QA Technology offers a wide range of tip styles to support the various applications and test targets known in the industry. Experienced Test Engineers often have different preferences for the best tip styles to use on a given contact surface.
When contacting clean pads or surfaces where witness marks must be minimized use tip styles such as the FLAT or SPHERICAL. For flat solder pads with clean and lightly contaminated surfaces where light witness marks are allowed use a CHISEL, SERRATED, CROWN or TRIAD, as they distribute the force over a greater area while minimizing the marking of the surface. Use a SPEAR, SHARP CHISEL, SHARP NEEDLE or RAZOR probes for difficult to test pads where heavily oxidized or flux-coated surfaces need to be displaced as the small tip area and aggressive angle of these probes will produce greater penetration into the surface. When testing flat pads with surface finishes such as HASL, OSP, immersion silver or tin tips such as the SPEAR, CHISEL(S) and RAZORS are recommended. QA does not recommend testing through conformal coatings or bare copper but if necessary, use tips such as the SHARP CHISELS and 9R RAZOR types.
Use a CHISEL or STAR to contact open holes. A CHISEL has fewer contact edges than STAR and therefore higher contact pressure. The CHISEL TRIAD is a good choice for contacting open holes where flux is present. The SPEAR is used when the rim of the hole must remain free of marks. Contact is made on a circle rather than on sharp edges. The BLADE and RAZOR will provide the highest penetrating pressure, since contact is made on just two sharp cutting edges. Although QA does not recommend testing on un-plated vias, the 6R RAZOR is the best choice.
For filled (pasted) vias, heavy contaminates require the use of a SHARP CHISEL or RAZOR. The RAZOR tips are especially designed for this type of application.
Choose the tip style which will be most stable on the lead in order to minimize sideloading the probe and to extend probe life. The SERRATED is generally the most stable on long leads. The CUP can be used on extremely long leads but are likely to require more maintenance. A standard CROWN (valleys cut straight across the point) is more stable than self-cleaning styles (valleys sloping down and out). Tip styles with fewer tips or sharper internal geometry such as a TRIAD are best used on short contaminated leads. Smaller leads will require tip styles with closely spaced cutting edges to trap the leads. The Slotted CUP is designed to help prevent contaminate build-up.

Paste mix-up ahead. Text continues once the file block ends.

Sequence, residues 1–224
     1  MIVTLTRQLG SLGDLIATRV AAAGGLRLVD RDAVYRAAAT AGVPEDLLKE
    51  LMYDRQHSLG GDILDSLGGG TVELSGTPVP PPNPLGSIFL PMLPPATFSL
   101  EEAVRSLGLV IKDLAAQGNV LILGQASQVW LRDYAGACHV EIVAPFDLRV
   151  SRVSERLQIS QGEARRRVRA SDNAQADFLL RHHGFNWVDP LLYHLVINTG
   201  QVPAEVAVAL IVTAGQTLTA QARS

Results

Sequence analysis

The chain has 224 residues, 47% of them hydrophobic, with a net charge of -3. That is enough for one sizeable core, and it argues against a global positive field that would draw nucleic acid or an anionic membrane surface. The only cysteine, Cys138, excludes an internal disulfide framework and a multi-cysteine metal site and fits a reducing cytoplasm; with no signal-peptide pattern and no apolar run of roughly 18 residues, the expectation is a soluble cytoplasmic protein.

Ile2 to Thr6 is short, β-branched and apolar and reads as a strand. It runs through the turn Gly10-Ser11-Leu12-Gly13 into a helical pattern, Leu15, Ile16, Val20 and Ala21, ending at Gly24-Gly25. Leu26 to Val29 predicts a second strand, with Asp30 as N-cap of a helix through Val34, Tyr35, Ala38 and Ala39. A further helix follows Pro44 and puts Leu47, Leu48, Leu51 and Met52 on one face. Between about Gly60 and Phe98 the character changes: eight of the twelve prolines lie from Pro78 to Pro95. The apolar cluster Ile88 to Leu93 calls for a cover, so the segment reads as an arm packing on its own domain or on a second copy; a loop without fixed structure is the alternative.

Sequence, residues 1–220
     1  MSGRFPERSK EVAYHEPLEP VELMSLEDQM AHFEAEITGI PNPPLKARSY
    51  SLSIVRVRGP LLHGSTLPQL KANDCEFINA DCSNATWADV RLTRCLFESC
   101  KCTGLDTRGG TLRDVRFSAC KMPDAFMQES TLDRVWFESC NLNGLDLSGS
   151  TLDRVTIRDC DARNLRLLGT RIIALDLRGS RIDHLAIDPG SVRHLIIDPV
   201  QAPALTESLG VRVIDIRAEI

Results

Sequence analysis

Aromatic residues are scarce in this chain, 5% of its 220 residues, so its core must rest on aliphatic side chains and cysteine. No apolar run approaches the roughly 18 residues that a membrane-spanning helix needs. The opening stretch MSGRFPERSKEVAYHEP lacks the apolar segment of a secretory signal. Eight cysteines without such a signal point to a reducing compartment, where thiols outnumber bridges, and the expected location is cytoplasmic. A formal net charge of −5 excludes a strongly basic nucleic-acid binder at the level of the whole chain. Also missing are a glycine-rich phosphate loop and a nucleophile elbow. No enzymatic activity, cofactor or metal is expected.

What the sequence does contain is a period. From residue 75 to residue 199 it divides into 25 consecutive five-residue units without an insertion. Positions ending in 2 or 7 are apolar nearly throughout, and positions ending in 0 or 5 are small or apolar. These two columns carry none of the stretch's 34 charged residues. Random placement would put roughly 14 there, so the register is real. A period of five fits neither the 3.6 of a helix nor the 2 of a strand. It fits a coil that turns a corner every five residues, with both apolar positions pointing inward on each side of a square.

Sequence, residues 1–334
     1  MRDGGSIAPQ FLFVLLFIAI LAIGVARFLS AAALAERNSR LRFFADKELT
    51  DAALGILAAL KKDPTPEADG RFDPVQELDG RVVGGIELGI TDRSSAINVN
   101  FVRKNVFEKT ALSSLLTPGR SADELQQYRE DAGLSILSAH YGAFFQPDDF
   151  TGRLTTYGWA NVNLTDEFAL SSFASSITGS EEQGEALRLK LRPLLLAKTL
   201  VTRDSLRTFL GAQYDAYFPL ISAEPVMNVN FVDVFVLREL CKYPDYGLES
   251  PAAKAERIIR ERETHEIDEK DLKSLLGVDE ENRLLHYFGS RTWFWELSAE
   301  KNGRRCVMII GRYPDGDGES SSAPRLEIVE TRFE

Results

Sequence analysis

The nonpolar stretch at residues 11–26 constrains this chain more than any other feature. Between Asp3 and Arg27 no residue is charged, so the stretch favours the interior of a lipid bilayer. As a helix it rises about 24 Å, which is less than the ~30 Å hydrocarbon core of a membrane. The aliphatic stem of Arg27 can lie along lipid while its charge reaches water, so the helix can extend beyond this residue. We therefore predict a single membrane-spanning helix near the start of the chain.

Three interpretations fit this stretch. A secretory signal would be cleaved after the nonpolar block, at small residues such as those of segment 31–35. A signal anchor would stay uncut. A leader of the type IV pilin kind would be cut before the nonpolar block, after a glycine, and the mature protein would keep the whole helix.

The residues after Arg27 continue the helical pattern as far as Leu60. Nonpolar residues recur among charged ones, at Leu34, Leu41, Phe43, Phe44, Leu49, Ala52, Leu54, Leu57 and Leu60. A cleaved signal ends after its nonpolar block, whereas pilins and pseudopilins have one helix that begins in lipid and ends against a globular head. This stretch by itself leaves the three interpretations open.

SERRATED or FLAT tip styles are stable on this type of contact, but have limited ability to penetrate contamination. Use a FLAT in clean conditions and with higher spring forces. A self-cleaning CROWN will require less maintenance than a CUP if used in an upward-pointing orientation, but are more likely than a CUP to glance off a post. A slotted CUP is best when used upwards, since a traditional CUP can easily collect dust and contamination from the Unit Under Test, they are best used in a horizontal or downward-pointing orientation.
A FLAT is the least aggressive and is used where minimal witness marks are desired. The MICRO-SERRATED tip styles are more durable and are recommended on points that have light flux residues. The FLAT STAR is self-cleaning and is used when a board will see high cycle counts. The CENTER POINT STAR is the most aggressive, making it ideal for no-clean flux processes where sharper cutting edges are needed.